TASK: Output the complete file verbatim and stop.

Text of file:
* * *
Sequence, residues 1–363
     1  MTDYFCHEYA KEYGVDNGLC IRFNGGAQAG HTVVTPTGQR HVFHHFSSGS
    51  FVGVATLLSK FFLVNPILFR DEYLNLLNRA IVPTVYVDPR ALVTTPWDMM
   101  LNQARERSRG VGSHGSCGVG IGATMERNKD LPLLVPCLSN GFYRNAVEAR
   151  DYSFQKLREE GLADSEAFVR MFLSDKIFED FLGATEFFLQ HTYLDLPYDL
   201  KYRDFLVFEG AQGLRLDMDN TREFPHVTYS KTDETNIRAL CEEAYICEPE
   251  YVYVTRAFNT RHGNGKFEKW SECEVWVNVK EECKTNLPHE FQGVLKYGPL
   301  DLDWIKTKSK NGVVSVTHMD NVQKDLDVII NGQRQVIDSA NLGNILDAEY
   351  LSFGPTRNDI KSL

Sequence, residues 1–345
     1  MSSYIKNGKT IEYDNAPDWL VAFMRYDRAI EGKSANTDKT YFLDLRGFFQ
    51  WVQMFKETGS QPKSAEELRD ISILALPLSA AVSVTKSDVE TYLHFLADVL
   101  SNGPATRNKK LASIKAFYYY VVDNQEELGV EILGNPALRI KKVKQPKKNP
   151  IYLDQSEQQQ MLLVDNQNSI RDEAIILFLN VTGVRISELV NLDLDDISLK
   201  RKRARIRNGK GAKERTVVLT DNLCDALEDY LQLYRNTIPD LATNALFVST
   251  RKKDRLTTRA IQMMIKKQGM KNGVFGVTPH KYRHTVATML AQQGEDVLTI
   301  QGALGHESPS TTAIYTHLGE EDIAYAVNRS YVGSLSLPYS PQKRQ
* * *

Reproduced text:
Sequence, residues 1–363
     1  MTDYFCHEYA KEYGVDNGLC IRFNGGAQAG HTVVTPTGQR HVFHHFSSGS
    51  FVGVATLLSK FFLVNPILFR DEYLNLLNRA IVPTVYVDPR ALVTTPWDMM
   101  LNQARERSRG VGSHGSCGVG IGATMERNKD LPLLVPCLSN GFYRNAVEAR
   151  DYSFQKLREE GLADSEAFVR MFLSDKIFED FLGATEFFLQ HTYLDLPYDL
   201  KYRDFLVFEG AQGLRLDMDN TREFPHVTYS KTDETNIRAL CEEAYICEPE
   251  YVYVTRAFNT RHGNGKFEKW SECEVWVNVK EECKTNLPHE FQGVLKYGPL
   301  DLDWIKTKSK NGVVSVTHMD NVQKDLDVII NGQRQVIDSA NLGNILDAEY
   351  LSFGPTRNDI KSL

Sequence, residues 1–345
     1  MSSYIKNGKT IEYDNAPDWL VAFMRYDRAI EGKSANTDKT YFLDLRGFFQ
    51  WVQMFKETGS QPKSAEELRD ISILALPLSA AVSVTKSDVE TYLHFLADVL
   101  SNGPATRNKK LASIKAFYYY VVDNQEELGV EILGNPALRI KKVKQPKKNP
   151  IYLDQSEQQQ MLLVDNQNSI RDEAIILFLN VTGVRISELV NLDLDDISLK
   201  RKRARIRNGK GAKERTVVLT DNLCDALEDY LQLYRNTIPD LATNALFVST
   251  RKKDRLTTRA IQMMIKKQGM KNGVFGVTPH KYRHTVATML AQQGEDVLTI
   301  QGALGHESPS TTAIYTHLGE EDIAYAVNRS YVGSLSLPYS PQKRQ